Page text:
Prudential Investments Mutual Funds, part of Prudential Financial, spends a lot of time providing thought leadership with input from Prudential Financial’s affiliated institutional managers. A topic it has recently given much attention to is fixed-income choices in defined-contribution (DC) plans. In 2012, Prudential Investments Mutual Funds published the white paper, Insights on Investing: Fixed Income Options within DC Plans, for the purpose of initiating dialogue with advisors and consultants.
In this three-part blog series sponsored by Prudential, we will examine how fixed income can enhance retirement menus. This interview was originally published in the November 2012 issue of Financial Advisor magazine.
In today’s Part 1, the experts explain why offering a wider selection and variety of fixed-income choices to DC plan menus can potentially provide higher returns, greater diversification and less volatility to retirement portfolios.
Part 2 of the interview will look at ways to construct a better portfolio.
Part 3 of the interview will explain how financial advisors can help in this effort.
Jerilyn Klein Beir, a contributing editor for Financial Advisor magazine, held a roundtable discussion on the topic of fixed-income choices with participants including Michael Rosenberg, senior vice president and director of IODC Distribution for Prudential Investments; Robert Tipp, managing director and chief investment strategist for Prudential Fixed Income; and Michael J. Collins, senior investment officer and portfolio manager for Absolute Return Bond and Core Plus Fixed Income Strategies at Prudential Fixed Income.
Through the course of the discussion, the subject of trends and the evolving needs of plan participants came up. Michael Rosenberg notes, “First, there’s an aging workforce and its participants tend to want to invest more conservatively, safeguard their assets and turn the assets they’ve accumulated into a stream of retirement income. Second, there’s been unprecedented market volatility due to the financial crisis of 2008 and the markets in general, so people are looking to become more conservative. The third trend has to do with the move away from off-the-shelf qualified default investment alternatives (QDIAs) to custom QDIAs. The vast majority of plans that are using custom QDIAs or custom target date funds use the core funds within the plan to create those QDIAs. So having a broader mix of fixed-income alternatives may provide potential to build better portfolios.”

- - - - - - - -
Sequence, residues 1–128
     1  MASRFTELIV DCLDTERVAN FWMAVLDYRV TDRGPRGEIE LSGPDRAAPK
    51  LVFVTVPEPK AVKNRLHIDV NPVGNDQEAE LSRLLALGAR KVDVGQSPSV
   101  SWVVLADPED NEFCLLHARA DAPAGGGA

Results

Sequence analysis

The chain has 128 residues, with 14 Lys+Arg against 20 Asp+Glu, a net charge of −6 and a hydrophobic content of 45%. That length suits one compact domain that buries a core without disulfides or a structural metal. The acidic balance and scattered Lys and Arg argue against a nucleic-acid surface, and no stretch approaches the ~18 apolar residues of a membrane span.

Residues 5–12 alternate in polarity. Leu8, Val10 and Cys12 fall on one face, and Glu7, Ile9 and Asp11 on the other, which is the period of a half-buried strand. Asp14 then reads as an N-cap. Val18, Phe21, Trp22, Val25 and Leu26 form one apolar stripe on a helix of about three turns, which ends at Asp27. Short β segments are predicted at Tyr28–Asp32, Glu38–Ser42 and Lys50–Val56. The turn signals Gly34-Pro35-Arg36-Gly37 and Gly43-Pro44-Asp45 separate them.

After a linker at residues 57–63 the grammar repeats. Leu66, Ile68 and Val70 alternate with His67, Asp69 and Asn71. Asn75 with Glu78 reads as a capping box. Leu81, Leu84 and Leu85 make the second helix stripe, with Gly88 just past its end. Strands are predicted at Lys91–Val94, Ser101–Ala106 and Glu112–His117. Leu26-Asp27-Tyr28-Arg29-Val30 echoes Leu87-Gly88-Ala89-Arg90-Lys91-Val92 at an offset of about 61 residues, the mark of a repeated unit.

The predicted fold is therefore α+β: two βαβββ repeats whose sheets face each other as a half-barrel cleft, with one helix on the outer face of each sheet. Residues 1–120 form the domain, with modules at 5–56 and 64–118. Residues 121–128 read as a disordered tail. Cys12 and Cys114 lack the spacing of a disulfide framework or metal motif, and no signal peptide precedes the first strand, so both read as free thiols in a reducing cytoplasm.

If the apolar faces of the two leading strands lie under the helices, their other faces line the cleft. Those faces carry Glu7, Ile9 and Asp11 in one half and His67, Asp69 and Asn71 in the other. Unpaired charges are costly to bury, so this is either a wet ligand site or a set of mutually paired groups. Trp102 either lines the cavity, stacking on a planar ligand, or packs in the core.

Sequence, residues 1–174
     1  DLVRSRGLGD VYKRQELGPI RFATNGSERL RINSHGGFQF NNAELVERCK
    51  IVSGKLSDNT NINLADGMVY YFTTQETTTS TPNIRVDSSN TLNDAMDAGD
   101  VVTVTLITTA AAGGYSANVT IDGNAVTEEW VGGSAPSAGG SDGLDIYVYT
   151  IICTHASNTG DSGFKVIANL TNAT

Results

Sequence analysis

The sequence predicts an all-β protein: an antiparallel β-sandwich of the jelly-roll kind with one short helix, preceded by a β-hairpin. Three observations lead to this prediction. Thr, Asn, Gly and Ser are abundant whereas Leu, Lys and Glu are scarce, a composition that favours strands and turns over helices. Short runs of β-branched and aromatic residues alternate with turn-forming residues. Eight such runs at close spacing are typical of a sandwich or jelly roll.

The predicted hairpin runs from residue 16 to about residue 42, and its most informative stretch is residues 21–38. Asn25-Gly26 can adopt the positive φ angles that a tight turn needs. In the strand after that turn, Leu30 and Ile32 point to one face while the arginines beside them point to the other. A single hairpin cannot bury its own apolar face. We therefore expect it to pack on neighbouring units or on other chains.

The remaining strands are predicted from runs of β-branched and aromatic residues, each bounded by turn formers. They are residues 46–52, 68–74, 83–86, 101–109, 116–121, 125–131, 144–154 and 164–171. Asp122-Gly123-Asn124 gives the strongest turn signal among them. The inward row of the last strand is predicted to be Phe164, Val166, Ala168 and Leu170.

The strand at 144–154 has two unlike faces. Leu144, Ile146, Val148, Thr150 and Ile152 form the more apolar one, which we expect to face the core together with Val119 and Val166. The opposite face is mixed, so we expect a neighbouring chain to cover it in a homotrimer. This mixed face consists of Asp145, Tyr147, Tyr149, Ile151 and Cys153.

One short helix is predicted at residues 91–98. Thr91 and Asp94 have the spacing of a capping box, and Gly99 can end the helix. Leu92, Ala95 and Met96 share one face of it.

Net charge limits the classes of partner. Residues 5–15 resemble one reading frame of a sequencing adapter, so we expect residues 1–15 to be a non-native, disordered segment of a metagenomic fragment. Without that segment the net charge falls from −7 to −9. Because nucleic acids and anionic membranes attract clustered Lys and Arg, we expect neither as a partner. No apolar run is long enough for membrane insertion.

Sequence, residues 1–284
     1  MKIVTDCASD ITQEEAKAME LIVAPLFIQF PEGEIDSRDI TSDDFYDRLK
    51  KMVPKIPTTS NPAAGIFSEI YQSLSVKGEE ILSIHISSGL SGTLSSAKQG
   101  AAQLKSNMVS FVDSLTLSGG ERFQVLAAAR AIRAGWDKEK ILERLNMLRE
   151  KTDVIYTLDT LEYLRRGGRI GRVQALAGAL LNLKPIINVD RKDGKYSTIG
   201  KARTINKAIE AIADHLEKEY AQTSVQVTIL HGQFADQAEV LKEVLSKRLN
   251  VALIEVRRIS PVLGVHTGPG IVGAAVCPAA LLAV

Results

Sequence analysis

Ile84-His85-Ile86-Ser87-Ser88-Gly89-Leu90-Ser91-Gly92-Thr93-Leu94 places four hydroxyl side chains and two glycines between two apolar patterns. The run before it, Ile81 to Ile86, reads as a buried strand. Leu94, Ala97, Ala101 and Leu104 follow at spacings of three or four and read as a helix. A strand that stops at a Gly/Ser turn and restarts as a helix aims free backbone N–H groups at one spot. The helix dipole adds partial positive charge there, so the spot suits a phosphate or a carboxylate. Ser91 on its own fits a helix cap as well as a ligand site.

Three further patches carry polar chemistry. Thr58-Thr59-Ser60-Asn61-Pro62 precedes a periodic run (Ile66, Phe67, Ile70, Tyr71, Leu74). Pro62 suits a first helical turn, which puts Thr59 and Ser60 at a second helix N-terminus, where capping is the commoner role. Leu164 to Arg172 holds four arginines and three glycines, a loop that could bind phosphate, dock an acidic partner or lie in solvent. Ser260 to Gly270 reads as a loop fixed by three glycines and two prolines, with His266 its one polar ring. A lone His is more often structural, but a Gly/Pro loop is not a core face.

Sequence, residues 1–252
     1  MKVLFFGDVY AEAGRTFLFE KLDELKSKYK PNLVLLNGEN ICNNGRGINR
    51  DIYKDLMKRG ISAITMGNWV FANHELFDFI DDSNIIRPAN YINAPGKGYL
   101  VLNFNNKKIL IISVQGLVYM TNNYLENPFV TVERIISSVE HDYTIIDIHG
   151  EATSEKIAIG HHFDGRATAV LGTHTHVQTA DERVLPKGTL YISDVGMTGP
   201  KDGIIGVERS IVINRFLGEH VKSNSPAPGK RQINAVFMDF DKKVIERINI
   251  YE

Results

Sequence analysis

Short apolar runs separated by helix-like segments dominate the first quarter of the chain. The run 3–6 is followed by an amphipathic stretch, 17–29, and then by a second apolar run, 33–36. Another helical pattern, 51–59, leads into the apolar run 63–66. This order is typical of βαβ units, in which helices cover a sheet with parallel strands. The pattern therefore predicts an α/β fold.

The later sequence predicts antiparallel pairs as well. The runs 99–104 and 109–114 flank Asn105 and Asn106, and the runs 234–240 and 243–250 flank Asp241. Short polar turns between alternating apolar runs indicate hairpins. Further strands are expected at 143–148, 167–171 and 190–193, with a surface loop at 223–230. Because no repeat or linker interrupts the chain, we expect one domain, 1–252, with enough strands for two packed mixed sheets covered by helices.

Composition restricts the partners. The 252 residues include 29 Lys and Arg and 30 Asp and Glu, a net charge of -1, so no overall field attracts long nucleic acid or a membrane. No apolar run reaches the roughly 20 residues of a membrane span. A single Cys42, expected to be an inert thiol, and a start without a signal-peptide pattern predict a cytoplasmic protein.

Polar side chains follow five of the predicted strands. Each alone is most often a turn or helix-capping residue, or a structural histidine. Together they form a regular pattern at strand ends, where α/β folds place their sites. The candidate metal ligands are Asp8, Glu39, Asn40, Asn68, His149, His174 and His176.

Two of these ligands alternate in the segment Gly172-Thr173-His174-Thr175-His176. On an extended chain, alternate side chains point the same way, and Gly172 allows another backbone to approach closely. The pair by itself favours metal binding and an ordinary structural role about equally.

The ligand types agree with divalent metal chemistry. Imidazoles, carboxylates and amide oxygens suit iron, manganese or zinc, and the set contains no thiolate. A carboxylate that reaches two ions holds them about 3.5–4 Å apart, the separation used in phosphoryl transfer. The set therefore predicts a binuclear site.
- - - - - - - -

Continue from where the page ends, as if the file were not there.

Fixed income should be “represented in every plan menu,” Rosenberg says. “Like with equities, it’s a plan-by-plan decision. This is not a one-size-fits-all type of market. That’s where advisors and consultants need to have really interesting and thoughtful conversations to find out a plan sponsor’s goals and objectives for offering the plan, and what their participant base is looking to do,” Rosenberg says.
When asked about the underrepresentation of fixed-income investments in DC plans, and why the roundtable thinks plan sponsors currently offer relatively few options, Michael Collins says, historically, Defined Contributions plans have been thought of as always having “15 to 20 different flavors of equity — large cap, small cap, mid cap, value, growth, international, U.S. — and then there’s one bucket that says bonds.”
However, Rosenberg notes, “That’s not the way it happens in the defined-benefit world or the institutional world. It’s truly just like the equity marketplace — there are types of fixed income that you can put together to either help enhance your opportunities for returns or help lower your potential for risk.”
Be sure to check back for the next installment of this blog series to be published DATE HERE when the experts give their thoughts on how to construct a better portfolio, and learn more from this video by Rosenberg. Additional information may be found in this white paper.
Mutual fund investing involves risk. Some mutual funds have more risk than others. The investment return and principal value will fluctuate, and shares, when sold may be worth more or less than the original cost, and it is possible to lose money. There is no guarantee a Fund’s objectives will be achieved. The risks associated with each fund are explained more fully in each fund’s respective prospectus.
Fixed income investments are subject to interest rate risk, where their value will decline as interest rates rise. Diversification does not guarantee a profit or protect against a loss in declining markets.
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